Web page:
From stilton and plum puddings to parties on ice, we explore the foodie festive history of Mayfair and St James’s
Words: Alice Cairns
Christmas is a time for tradition, and our local shops, businesses and hotels are no exception. Christmas merrymakers have been visiting Mayfair and St James’s for centuries, whether to source materials for a festive fondue or to take a turn on an ultra-glamorous indoor ice rink.
Paxton & Whitfield of 93 Jermyn Street has a special part to play in the history of Christmas dinners. The historic cheesemonger was one of the first to bring stilton to the UK market, selling an average of 2,000 stiltons between October and December throughout the 1910s (until the outbreak of war and rationing put a stop to this roaring trade). Today, stilton remains one of the shop’s best-selling cheeses, and never more so than during the festive season.
A less traditional use for cheese gained popularity in the 1960s, when a craze for fondue swept the nation. Customers at Paxton & Whitfield would buy blocks of cheese to melt into a gooey winter warmer, to be eaten with crusty bread, veg, fruit and meats at celebration dinners.
One customer reminisces: “Using two fondue pots and burners I once managed to produce fondue for a party of 12 people, but six was a more apt number. For that [Paxton & Whitfield] would sell me a pound of gruyère, a pound of Emmentaler and a quarter of a pound of appenzeller. I would load myself with bottles of Fendant du Valais from a shop in Old Compton Street for which I think I paid 13 shillings (65p) each. In retrospect, 55 years on, I suppose that fondue may not be very suitable for an evening meal – but we didn’t seem to mind…”
For a more traditional Christmas spread, the Fortnum & Mason food hall remains synonymous with festive feasting. On Christmas Day in 1845, Charles Dickens described Fortnum’s in The Morning Chronicle as “a perfect fairy palace, and Prince Prettyman paradise of bonbons, and French plums, and barley sugar”. Crammed with sweets, nuts, preserves and exotic fruits, it was the festive destination of choice for well-to-do Victorians.
Fortnum’s has been producing its iconic champers since the 1730s, supplying them to soldiers in the trenches, Suffragettes in prison and mountaineers on Everest. They’ve become a seasonal staple, with the Fortnum & Mason Christmas catalogue from 1910 stating that:
“Of Xmas gifts
The most seasonable
The best of everything
And most appreciated
Is a hamper from Fortnum & Mason’s.”
In 1910, the cheapest option was the Guinea Hamper, which included cured ham, a plum pudding, a jar of mincemeat, a tin of sardines, stem ginger in syrup and a box of plums. The most expensive hamper, which cost 10 Guineas, included six bottles of champagne and six bottles of 40-year-old port, as well as meats, fine chocolates, bottles of liqueurs, a plum pudding and a single fresh pineapple.
For those who preferred to enjoy their Christmas meal in a restaurant, nowhere was more luxurious than Claridge’s. In 1922, the Pall Mall Gazette describes how the foyer of the hotel was to be transformed into a Watteau temple to mark the festive season:
“Thousands of tiny silver ivy leaves will cover the classic columns and drape the ceilings, which will be as a wonderful blue sky with a myriad of tiny white lights. Every table will have its special Christmas tree. The Maître Pagot, head chef of Claridge’s, is preparing special and unique dishes for the great occasion.” A typical Christmas menu from the 1930s was composed entirely in French, and included oysters, lobster Newberg, chestnut timbale, Christmas pudding and ice cream.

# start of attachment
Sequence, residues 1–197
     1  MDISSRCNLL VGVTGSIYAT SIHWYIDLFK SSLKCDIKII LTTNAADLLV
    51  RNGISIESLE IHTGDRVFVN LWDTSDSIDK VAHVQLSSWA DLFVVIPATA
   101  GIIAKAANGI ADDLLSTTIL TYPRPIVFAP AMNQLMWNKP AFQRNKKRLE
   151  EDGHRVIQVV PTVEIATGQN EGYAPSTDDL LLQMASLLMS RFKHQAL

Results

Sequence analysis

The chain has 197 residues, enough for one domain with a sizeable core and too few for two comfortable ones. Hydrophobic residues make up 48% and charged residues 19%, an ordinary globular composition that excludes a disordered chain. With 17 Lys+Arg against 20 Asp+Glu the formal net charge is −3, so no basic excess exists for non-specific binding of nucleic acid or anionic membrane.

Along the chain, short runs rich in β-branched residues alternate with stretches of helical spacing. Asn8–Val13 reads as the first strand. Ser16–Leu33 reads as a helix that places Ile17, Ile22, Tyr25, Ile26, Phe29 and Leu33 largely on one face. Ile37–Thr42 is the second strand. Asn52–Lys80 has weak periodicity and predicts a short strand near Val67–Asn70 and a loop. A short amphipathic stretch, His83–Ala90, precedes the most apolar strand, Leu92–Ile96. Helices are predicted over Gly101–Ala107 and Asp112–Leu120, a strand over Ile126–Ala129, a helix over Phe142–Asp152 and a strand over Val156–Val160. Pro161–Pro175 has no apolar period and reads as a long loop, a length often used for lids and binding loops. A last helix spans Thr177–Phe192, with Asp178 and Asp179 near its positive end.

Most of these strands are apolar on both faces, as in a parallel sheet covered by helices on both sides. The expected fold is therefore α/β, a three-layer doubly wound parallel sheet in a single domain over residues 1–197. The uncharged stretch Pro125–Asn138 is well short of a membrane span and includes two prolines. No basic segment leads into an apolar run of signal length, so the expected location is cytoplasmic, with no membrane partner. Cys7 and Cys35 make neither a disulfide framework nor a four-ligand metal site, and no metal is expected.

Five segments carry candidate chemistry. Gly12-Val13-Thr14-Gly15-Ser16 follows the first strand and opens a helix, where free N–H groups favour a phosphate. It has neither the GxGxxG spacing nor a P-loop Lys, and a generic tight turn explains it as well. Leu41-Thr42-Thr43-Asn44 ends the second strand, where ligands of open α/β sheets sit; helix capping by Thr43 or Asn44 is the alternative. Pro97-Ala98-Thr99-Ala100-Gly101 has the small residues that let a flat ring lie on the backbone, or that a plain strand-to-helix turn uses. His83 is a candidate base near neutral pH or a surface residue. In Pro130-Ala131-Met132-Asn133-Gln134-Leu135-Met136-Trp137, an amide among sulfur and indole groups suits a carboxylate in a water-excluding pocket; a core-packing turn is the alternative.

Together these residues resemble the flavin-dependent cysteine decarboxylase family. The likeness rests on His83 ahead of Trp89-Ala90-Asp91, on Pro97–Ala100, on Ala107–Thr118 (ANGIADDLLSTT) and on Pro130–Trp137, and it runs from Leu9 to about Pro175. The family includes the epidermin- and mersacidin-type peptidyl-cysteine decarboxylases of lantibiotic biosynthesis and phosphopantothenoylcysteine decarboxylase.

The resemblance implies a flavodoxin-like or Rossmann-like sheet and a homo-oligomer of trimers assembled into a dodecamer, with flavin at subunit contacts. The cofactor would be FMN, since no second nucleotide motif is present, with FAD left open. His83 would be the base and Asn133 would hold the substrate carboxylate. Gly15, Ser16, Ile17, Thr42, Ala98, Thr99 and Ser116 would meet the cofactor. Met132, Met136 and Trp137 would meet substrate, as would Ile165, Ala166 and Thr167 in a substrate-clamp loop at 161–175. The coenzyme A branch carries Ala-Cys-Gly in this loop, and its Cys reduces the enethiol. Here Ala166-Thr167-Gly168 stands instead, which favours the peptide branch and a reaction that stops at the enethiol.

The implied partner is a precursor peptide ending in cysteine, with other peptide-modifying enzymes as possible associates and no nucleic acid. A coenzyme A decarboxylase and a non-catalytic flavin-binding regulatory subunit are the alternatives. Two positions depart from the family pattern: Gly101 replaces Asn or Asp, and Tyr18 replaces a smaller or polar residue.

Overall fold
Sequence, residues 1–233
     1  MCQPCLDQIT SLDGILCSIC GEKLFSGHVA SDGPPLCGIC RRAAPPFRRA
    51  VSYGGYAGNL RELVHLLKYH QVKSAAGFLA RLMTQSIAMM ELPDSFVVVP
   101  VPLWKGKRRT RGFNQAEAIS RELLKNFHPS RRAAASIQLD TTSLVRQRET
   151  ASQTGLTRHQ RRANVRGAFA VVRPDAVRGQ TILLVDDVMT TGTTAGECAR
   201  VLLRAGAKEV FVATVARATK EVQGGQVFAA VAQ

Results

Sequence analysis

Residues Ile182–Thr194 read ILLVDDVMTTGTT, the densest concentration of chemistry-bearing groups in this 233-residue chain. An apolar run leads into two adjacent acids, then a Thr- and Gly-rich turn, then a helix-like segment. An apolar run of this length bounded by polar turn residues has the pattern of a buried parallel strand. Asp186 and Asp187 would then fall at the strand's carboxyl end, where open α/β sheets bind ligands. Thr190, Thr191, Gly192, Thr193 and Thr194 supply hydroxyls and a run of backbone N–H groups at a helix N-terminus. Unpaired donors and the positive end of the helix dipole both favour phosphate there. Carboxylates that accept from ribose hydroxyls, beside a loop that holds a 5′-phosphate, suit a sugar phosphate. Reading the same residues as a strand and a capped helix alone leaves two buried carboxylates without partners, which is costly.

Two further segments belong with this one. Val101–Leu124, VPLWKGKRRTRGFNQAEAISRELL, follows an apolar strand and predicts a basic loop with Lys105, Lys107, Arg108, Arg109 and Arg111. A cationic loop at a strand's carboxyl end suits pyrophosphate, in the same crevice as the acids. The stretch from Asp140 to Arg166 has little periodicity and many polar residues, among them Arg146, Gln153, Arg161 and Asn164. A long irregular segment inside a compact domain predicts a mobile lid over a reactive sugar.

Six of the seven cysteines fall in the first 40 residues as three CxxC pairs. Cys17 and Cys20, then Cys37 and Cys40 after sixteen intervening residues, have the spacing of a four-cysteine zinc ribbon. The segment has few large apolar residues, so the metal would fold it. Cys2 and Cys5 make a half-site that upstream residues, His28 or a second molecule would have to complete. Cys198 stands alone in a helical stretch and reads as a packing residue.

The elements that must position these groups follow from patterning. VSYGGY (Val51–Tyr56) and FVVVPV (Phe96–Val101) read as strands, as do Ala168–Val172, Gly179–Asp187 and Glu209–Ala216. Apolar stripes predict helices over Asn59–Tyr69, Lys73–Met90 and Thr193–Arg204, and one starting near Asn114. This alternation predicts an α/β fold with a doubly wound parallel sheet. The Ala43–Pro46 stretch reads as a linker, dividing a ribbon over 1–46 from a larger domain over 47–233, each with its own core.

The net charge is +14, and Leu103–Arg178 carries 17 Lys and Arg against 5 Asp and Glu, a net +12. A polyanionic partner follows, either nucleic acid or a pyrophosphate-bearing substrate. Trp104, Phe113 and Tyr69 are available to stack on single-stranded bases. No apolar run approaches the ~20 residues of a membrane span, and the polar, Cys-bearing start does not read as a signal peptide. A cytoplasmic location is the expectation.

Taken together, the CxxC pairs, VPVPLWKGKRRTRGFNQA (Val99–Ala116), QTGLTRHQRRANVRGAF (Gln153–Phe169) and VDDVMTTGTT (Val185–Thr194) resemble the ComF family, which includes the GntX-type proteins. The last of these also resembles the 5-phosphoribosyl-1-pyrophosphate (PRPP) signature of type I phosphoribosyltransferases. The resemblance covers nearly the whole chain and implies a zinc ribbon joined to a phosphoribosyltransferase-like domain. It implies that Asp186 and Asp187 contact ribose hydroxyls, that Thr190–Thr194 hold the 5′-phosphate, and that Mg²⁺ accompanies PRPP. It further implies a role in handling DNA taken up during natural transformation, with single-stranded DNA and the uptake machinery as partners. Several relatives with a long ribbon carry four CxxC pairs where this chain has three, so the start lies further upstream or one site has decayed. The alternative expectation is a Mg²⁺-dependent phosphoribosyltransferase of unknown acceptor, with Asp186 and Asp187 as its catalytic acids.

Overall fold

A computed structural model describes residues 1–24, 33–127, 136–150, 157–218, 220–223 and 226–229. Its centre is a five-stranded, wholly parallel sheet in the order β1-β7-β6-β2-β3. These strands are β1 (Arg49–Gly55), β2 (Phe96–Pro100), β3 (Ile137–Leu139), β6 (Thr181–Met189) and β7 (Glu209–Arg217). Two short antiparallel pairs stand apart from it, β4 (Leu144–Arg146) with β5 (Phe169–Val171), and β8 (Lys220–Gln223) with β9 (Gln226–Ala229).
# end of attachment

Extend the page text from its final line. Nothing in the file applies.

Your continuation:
Guests would be entertained as they ate by an orchestra or dance band, which would perform a festive programme of seasonal music.
When it came to dancing, the bright young things of Mayfair could be found in the Great Room at Grosvenor House, which housed an enormous indoor ice rink (it was here that the seven-year-old Queen Elizabeth II learned to skate in 1933). At Christmas, the rink became a venue for fantastical ice galas and balls, with guests arriving in costume to dine, drink and skate the night away. The popularity of these ice balls eventually gave designer and developer AO Edwards the idea to transform the Great Room into a banqueting space, a hub of London society where debutantes were presented to the Queen until 1958.
But Christmas wasn’t all about luxury. According to Philip Sykes, founder and principal of The British School of Excellence based at 8 Shepherd Market: “Even amongst the wealthy, presents and cards were often hand-made. A lot of skill and thought went into gift giving between family members.
Sending Christmas cards was an incredibly important ritual – people would sit down in November and compile a list of recipients near and far. “Then, as now, the most important parts of the Christmas ritual involved taking time to think about your loved ones. That’s the real spirit of Christmas, after all!”
3 ideas for festive tea
Lean into winter with a festive tea at the Montagu Kitchen and Lounge at The Churchill London. Signature pastries are paired with tea blend ‘Roses in Bloom’ with delicacies like buttermilk and blueberry bauble and black forest Stollen cake.
Thu-Sun; Dec 1 to 30, from £46
The Park Room at JW Marriott Grosvenor House London is introducing a festive tea for children. Junior diners will receive a letter from the hotel mascot and a selection of sandwiches and sweet treats with a cup of hot chocolate.
TALE WITH A TWIST
This Christmas, The Dilly’s Peter Rabbit afternoon tea brings to life the classic story by London author Beatrix Potter, with a festive twist for children and adults alike. The tea features treats including an edible Santa hat.